Introduction
Background
SOCA's appeal
O's appeal
Court of Appeal decision
Comment


Introduction

In Serious Organised Crime Agency v O'Docherty(1) the Serious Organised Crime Agency (SOCA) appealed the decision to grant the respondent (referred to as 'O') permission to apply to vary a property freezing order made against him. Permission had been granted following the Supreme Court decision in Perry(2) that a civil recovery order could be made only in respect of property within the jurisdiction. O also brought two appeals, seeking to reopen the refusal of permission to appeal the civil recovery order and the original order of committal. O argued that following Perry, the decision was based on an unlawful extension of the court's jurisdiction.

Background

In 2008 SOCA obtained, without notice, a property freezing order under Section 245A of the Proceeds of Crime Act 2002. In October 2011, having disposed of property in breach of the order, O was committed for contempt. In December 2011 judgment was given in the substantive action. The court found that O had been engaged in drug dealing and money laundering for over two decades and in the late 1990s had started transferring his assets (which were the proceeds of crime) from the United Kingdom to Spain, France, Switzerland and Dubai. The court granted a civil recovery order in respect of the property, which included overseas property, and an order that the property freezing order should continue. O unsuccessfully sought permission to appeal the civil recovery order.

In July 2012 the Perry court reversed the previous position in law regarding jurisdiction over foreign property. The Supreme Court held that a civil recovery order could be made only in respect of property within the jurisdiction. Following that decision, O applied to vary the property freezing order to exclude the overseas property. Having regard to Perry, the judge granted permission to appeal. SOCA had in turn been granted permission to appeal that decision in favour of O and now brought that appeal. O also brought two applications to:

  • reopen the refusal of permission to appeal the civil recovery order; and
  • appeal the order of committal made in October 2011.

SOCA's appeal

SOCA argued that a subsequent decision of the Supreme Court construing a statute that affected a decision in an earlier case does not of itself affect the validity of any existing final orders. Therefore, on the facts, the subsequent decision in Perry – finding that Mr Perry's overseas property could not be subject to civil recovery proceedings – was irrelevant to O's case. As authority, SOCA relied on Cadder v HM Advocate General for Scotland,(3) and appealed the judge's decision to grant O permission to appeal, arguing that he was wrong to consider the extension of the property freezing order as separate from the remainder of his order, and that the order was final.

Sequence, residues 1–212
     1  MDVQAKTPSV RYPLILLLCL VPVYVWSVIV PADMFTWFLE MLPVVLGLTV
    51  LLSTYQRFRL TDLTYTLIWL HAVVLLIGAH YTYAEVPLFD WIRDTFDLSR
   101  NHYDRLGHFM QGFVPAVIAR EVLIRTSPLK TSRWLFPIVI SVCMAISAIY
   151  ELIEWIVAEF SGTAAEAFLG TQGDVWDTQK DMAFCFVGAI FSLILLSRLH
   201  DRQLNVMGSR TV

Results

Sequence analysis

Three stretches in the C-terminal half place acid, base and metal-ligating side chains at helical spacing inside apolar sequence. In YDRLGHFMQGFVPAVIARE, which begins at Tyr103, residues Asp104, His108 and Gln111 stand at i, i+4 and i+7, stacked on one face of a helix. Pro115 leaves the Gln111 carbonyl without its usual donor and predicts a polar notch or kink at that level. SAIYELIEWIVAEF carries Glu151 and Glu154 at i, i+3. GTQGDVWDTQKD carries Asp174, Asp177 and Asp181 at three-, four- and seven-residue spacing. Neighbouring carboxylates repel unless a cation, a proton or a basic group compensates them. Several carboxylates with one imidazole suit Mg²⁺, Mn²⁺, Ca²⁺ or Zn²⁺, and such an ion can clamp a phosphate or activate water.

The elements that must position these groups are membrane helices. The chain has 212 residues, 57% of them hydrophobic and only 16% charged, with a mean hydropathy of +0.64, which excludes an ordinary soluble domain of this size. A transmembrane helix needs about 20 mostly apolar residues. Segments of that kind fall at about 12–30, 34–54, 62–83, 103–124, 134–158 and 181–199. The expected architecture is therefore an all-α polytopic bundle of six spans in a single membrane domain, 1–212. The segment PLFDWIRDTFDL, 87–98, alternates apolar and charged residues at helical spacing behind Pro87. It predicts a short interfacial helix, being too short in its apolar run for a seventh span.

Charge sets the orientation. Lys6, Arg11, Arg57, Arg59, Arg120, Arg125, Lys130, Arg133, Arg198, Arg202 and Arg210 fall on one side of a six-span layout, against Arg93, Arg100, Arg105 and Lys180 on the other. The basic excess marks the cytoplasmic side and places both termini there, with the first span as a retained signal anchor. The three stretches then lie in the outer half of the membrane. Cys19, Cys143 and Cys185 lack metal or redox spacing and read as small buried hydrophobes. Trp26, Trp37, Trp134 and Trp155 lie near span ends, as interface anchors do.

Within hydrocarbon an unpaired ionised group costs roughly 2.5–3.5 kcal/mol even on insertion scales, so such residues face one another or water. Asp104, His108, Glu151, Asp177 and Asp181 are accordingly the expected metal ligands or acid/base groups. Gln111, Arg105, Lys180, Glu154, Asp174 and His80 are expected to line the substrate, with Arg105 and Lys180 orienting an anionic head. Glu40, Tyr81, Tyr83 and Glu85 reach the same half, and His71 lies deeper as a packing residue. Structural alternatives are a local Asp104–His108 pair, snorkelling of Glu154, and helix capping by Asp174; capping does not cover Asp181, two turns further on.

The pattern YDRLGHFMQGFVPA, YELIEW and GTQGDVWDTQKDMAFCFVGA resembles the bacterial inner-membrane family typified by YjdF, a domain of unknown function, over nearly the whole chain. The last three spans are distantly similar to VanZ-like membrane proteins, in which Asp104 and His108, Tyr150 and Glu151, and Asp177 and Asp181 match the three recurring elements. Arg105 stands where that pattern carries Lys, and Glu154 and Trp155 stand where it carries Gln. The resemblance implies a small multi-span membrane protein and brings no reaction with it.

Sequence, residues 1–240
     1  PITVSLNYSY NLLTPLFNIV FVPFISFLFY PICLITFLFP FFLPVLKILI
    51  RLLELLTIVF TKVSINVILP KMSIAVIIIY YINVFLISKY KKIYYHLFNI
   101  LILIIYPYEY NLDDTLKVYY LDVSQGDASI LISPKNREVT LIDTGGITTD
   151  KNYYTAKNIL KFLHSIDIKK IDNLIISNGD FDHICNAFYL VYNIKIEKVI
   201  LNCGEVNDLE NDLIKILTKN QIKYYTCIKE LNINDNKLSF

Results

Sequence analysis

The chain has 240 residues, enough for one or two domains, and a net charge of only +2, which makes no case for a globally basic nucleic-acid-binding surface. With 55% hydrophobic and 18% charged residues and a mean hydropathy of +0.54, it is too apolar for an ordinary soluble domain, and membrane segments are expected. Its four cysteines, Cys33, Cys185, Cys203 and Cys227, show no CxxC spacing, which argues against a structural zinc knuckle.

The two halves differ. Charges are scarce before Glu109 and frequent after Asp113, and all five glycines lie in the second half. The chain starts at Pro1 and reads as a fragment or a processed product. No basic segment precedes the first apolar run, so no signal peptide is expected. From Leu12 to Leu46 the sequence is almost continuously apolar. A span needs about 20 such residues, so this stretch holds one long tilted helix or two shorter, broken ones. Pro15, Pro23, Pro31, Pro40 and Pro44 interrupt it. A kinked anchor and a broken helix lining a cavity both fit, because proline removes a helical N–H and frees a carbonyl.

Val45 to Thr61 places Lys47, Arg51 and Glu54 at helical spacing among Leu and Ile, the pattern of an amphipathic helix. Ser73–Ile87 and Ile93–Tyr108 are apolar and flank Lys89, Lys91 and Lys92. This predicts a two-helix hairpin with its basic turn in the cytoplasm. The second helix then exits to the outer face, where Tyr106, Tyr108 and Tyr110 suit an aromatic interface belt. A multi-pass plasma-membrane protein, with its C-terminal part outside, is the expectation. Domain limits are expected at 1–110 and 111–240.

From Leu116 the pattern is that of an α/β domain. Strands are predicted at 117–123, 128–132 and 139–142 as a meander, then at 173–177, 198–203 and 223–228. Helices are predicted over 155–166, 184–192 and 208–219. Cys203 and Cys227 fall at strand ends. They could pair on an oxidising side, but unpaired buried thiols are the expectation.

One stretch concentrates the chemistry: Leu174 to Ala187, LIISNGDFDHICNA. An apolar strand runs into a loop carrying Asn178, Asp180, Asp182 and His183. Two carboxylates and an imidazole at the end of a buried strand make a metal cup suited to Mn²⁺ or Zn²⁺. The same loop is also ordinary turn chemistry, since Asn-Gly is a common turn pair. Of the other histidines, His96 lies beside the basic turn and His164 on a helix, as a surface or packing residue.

O's appeal

O accepted the procedural bars in support of finality of litigation. However, he argued that if a party to litigation needed assistance from the court, such as to litigate over the powers of a trustee, the law must be applied as it is on the date that the matters are considered. Alternatively, O advanced an argument in relation to the terms of the property freezing order, which specifically provided a liberty to apply and permitted the court to vary or set aside a property freezing order "at any time".

Court of Appeal decision

As observed by Lord Justice Leveson at Paragraph 48, "[a]t the time the order was made, it was entirely justified in law and nobody suggested the contrary". In dismissing O's appeals, the judge observed that there had been no appeal of the property freezing order or the civil recovery order in the months following the relevant orders, and the legitimacy of the orders were challenged only following the subsequent change in the law brought about by Perry. The Court of Appeal dismissed O's argument, noting that to accept it would mean that a litigant wishing to challenge the legality of an order – however long after any right of appeal had been exhausted – could prevent enforcement, even of a final order, until recent developments of the law had been considered. On that basis, a party to litigation would need only to refuse to comply with the order of the court to permit it to litigate or re-litigate the issue of legality. As to the alternative argument advanced by O, the court observed that the variation provisions within the property freezing order were designed to deal with such matters as credible fresh evidence coming to light, noting that the width of wording is coloured and confined by the fundamental principles of the finality of court orders and requirements of legal certainty.

SOCA's appeal was also dismissed. The judge had been correct to grant permission to appeal and allow the matter to be heard.

Comment

The Court of Appeal's decision maintains and protects the finality of litigation, as this would be undermined if changes in common law could be taken into account retrospectively. The Supreme Court's decision in Perry will affect the court's ability to order recovery of property held abroad, but will not be construed to affect final orders made before that decision.

For further information on this topic please contact Natalie Small at RPC by telephone (+44 20 3060 6000), fax (+44 20 3060 7000) or email (natalie.small@rpc.co.uk).

Endnotes

(1) [2013] EWHC Civ 518.

(2) Serious Organised Crime Agency v Perry [2012] UKSC 35, [2013] 1 AC 182.

(3) [2010] UKSC 43, [2010] 1 WLR 2601.

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